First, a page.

The WTO approach does not insist on conformity. It allows the world to evolve at its own pace. Instead it has a system of arbitration where complaints can be brought to it if a nation can demonstrate that an action in contravention of an agreement harms their own trade. This approach allows nation states maximum sovereignty in a world where absolute sovereignty no longer exists. It formalises informality but in a less restrictive way.
The EU approach is the search for a non existent ultimate harmony - a utopian order to trade that becomes more elusive the harder you strive for it. World trade will always be chaotic. Billions of people making trillions of transactions daily with new innovations surpassing our ability to regulate and control. So what we want is systems that facilitate trade while reducing harm - which maximise profits and supply chain efficiency while protecting the customer. At the same time we must safeguard that which makes us distinctive and the system must be fair.
That is why trade regulation has no endgame. It is a continuum where the system is never complete - where every nation must speak to every other nation. Having a rogue entity like the EU commission making agreements on behalf of all of Europe means making decisions for half a billion people when it cannot possibly know who the winners and losers will be. We need to recognise that there is no perfect system and no endgame and build transparent institutions that allow nations to get the best for themselves according to their own talents and resources. We must stop looking for easy answers.
Ultimately a dogmatic and ideological approach to trade means trampling on the rights of nations - making demands for sacrifices they have had no real say in. That can never be democratic nor can it maximise trade. It can only ever enforce mediocrity. Brexit is an opportunity to change the way we do things and play the game by a different set of rules. We won't be having a bonfire of regulations but we can at least make sure that our voice is heard and that we retain the right to say no. Without that, we make ourselves slaves to a machine where the greatest crime of all is to be different. That is not a world I want to live in.
Tuesday, 23 August 2016
Ok remainers, we get it. You REALLY don't want to leave the EU. The problem is, the majority of the country doesn't agree with you and there is scant evidence to suggest they have changed their minds. And if you're objective and fair minded you know full well it is nothing to do with bigotry or xenophobia. It's about something more profound.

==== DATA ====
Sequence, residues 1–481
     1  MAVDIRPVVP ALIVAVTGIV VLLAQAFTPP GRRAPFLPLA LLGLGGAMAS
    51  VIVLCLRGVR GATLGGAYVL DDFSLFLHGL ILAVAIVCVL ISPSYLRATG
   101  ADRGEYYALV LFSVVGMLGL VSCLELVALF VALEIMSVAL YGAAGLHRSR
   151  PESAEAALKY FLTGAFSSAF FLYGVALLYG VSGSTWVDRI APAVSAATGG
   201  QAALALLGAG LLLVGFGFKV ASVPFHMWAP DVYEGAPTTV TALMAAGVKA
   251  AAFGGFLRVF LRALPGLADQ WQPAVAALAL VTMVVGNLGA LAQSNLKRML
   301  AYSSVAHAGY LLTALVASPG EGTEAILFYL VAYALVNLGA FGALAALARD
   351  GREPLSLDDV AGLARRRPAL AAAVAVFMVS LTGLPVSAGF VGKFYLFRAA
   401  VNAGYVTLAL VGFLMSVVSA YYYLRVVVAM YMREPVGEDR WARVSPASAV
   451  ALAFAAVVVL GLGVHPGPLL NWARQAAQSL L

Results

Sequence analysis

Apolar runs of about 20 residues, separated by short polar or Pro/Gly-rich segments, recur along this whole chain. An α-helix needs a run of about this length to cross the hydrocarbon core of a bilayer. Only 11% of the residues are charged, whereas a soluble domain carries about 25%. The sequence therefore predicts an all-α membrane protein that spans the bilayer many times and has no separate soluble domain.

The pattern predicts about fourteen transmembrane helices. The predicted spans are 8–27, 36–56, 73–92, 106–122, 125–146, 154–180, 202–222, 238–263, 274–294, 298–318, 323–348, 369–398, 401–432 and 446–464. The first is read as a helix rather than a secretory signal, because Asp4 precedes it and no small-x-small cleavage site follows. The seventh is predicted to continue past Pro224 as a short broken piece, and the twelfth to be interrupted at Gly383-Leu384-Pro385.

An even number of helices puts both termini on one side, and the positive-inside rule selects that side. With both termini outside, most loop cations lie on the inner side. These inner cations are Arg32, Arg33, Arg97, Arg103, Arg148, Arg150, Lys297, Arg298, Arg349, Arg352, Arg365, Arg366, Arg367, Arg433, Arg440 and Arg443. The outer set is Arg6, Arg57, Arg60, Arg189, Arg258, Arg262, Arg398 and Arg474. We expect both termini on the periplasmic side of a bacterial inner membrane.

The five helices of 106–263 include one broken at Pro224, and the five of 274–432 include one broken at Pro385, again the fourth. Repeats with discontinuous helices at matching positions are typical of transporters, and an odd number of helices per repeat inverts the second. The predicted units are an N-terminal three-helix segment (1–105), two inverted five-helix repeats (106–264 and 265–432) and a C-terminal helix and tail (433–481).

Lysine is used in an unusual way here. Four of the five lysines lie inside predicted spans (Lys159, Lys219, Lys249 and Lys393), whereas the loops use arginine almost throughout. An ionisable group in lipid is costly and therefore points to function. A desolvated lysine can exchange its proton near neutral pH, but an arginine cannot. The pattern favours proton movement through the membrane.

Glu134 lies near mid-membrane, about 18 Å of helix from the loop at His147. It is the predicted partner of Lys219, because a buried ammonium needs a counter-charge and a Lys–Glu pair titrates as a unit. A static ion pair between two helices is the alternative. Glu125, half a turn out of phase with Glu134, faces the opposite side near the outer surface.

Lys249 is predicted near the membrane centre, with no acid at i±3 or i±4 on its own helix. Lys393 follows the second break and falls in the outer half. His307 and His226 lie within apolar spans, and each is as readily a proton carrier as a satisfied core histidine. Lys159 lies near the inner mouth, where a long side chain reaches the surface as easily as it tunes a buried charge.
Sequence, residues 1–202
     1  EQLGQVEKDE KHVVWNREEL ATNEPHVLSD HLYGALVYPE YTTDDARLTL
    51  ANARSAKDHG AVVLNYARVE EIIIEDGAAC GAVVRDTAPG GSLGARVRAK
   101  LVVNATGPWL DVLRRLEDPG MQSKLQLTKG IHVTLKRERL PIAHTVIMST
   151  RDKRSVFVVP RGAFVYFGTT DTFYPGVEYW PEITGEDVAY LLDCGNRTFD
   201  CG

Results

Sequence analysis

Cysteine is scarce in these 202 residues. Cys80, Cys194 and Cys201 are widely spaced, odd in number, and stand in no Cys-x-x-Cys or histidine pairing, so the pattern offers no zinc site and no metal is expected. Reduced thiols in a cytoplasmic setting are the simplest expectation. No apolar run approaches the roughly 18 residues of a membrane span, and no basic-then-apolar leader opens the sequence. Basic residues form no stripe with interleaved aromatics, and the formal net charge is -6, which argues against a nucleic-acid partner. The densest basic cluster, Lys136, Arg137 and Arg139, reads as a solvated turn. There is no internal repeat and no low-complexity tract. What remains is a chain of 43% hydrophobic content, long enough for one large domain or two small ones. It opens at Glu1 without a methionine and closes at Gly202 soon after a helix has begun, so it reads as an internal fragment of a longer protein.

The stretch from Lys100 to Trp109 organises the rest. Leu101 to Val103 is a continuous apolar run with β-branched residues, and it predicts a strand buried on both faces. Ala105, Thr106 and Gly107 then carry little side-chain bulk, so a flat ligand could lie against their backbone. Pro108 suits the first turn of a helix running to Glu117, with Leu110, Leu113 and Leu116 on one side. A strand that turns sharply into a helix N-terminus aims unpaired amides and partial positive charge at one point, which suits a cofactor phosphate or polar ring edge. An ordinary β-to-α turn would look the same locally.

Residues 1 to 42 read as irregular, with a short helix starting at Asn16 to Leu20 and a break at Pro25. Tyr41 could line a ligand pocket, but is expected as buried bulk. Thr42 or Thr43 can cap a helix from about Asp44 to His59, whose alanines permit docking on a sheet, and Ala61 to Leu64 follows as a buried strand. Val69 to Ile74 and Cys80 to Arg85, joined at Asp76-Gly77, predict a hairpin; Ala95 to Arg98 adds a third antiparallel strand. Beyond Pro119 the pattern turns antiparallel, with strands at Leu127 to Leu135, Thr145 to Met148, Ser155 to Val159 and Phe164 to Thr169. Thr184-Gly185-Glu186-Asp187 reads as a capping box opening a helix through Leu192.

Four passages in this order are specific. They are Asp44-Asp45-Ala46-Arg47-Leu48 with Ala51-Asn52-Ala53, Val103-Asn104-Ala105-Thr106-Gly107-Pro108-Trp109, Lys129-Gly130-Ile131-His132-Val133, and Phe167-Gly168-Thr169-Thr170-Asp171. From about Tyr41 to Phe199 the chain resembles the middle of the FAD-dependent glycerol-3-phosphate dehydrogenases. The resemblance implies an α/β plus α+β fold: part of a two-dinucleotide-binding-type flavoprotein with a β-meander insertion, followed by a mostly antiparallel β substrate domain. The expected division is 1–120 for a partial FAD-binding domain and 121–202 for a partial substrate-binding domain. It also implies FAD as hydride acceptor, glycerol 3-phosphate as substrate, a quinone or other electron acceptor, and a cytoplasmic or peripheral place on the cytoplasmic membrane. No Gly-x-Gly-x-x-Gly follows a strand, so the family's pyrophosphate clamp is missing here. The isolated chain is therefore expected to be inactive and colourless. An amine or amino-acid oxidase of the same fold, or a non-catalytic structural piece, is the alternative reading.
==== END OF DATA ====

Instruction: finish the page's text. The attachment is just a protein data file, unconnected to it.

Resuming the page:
I know what genuine xenophobia looks like. I am pleased and proud to say that it is rare. Some may express politically dubious views but most people are decent and when challenged they will capitulate to good sense. The notion that the UK is suddenly a hotbed of racism is completely bogus.
There's a real message in the final verdict. Remainers are aghast that regions which receive the most in EU funding turned out in high numbers to reject the EU. What does that tell you? If you take that to mean working class people are thick and voted against their own interests and that media bias meant that the message of economists didn't get through then actually it's you who's a bit thick.
Let's take Sunderland. Sixty one per cent voted to leave. Yet the North East is swimming with EU cash. We can say the same of Sheffield. Regions formerly associated with the UK's productive heavy industry. What they would call rust belt in the USA. Don't worry. I'm not going to bore you with all the clichés about globalisation. These are regions with proud traditions and a history of making things - but automation and globalisation have made these towns redundant. We know all this. It bores me even to type it.
What we are told though is that we are stronger, more prosperous and more influential in the EU. Londoners evidently believe that because rich cities based on global services only get richer. Meanwhile Liverpool is turning into our own version of Detroit. For sure it has a first class container port but modern trade is all about automation and reducing headcounts in shifting produce around the world. We have made our great cities redundant along with their inhabitants.